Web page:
Tuesday, December 11, 2018

Little Women Make Theater at Home

Image result for little women 1933 play
Louisa May Alcott's Little Women (1868-69) is one of those hugely important texts in children's literature and the history of childhood. It was an important reflection of, and contributor to, girls and girl culture in the nineteenth century. In 1933, it became an early entry in the canon of family film as we know it with this film adaptation from RKO, directed by George Cukor and starring Katharine Hepburn (it was the third film adaptation, but the first of the sound era).

As Marah Gubar has noted, the Christmas play-acting scene in Little Women gives us some insight into the importance of home theatricals in the nineteenth century, which, as in this scene, were created by young people for audiences that were often mostly other kids. These home theatricals had a symbiotic relationship with professional theater, prompting the production of professional children's plays, which in turn influenced private performance, and so the cycle goes.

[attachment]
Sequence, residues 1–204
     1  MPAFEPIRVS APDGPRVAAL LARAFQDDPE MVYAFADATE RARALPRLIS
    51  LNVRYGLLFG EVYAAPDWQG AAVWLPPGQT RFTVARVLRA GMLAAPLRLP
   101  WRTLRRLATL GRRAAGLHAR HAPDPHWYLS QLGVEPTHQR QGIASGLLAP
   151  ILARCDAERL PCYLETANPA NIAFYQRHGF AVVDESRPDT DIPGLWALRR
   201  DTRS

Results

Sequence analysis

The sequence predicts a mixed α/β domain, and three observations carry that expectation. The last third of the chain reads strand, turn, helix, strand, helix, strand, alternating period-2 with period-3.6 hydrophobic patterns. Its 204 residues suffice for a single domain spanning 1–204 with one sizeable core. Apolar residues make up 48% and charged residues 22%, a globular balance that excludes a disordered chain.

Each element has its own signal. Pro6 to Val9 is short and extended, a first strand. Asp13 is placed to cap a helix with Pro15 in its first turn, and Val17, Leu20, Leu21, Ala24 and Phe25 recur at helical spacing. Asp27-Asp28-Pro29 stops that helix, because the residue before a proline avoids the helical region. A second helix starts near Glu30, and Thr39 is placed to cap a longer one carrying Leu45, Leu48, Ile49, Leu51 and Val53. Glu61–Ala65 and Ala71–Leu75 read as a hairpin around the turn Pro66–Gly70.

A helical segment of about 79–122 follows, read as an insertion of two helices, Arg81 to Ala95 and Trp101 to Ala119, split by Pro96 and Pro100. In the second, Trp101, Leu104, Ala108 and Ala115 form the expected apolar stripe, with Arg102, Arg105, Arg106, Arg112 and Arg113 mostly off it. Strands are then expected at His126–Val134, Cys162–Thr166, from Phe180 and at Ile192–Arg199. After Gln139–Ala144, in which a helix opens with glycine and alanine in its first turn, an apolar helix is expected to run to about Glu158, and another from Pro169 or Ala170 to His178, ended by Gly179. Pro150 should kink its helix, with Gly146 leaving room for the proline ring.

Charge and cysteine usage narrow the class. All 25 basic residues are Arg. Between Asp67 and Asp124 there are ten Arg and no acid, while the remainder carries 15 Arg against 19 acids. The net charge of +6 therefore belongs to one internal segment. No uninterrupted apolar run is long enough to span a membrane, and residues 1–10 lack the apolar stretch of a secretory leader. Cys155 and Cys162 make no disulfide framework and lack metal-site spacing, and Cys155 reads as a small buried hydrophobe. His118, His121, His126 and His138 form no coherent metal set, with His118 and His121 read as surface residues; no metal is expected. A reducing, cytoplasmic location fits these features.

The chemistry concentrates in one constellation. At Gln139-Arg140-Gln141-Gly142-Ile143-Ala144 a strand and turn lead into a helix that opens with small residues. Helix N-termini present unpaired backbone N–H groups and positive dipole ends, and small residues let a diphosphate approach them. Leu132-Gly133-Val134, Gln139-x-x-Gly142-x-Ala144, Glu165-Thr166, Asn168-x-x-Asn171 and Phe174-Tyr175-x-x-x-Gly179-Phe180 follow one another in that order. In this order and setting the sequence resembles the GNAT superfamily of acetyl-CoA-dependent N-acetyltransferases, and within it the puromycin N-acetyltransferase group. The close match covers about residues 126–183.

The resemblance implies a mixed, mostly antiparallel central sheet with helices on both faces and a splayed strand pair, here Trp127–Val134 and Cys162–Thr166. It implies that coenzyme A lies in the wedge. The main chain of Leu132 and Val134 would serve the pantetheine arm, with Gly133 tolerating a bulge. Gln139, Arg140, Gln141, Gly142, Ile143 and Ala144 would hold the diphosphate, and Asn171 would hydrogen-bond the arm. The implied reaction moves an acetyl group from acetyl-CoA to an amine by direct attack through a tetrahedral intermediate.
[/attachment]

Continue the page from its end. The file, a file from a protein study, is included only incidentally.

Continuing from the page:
This scene as it appeared in the 1933 film is featured here.

Gubar, Marah. Peter Pan as Children’s Theatre: The Issue of Audience.” In The Oxford Handbook of Children's Literature, edited by Julia Mickenberg and Lynne Vallone. Oxford: Oxford University Press, 2011.

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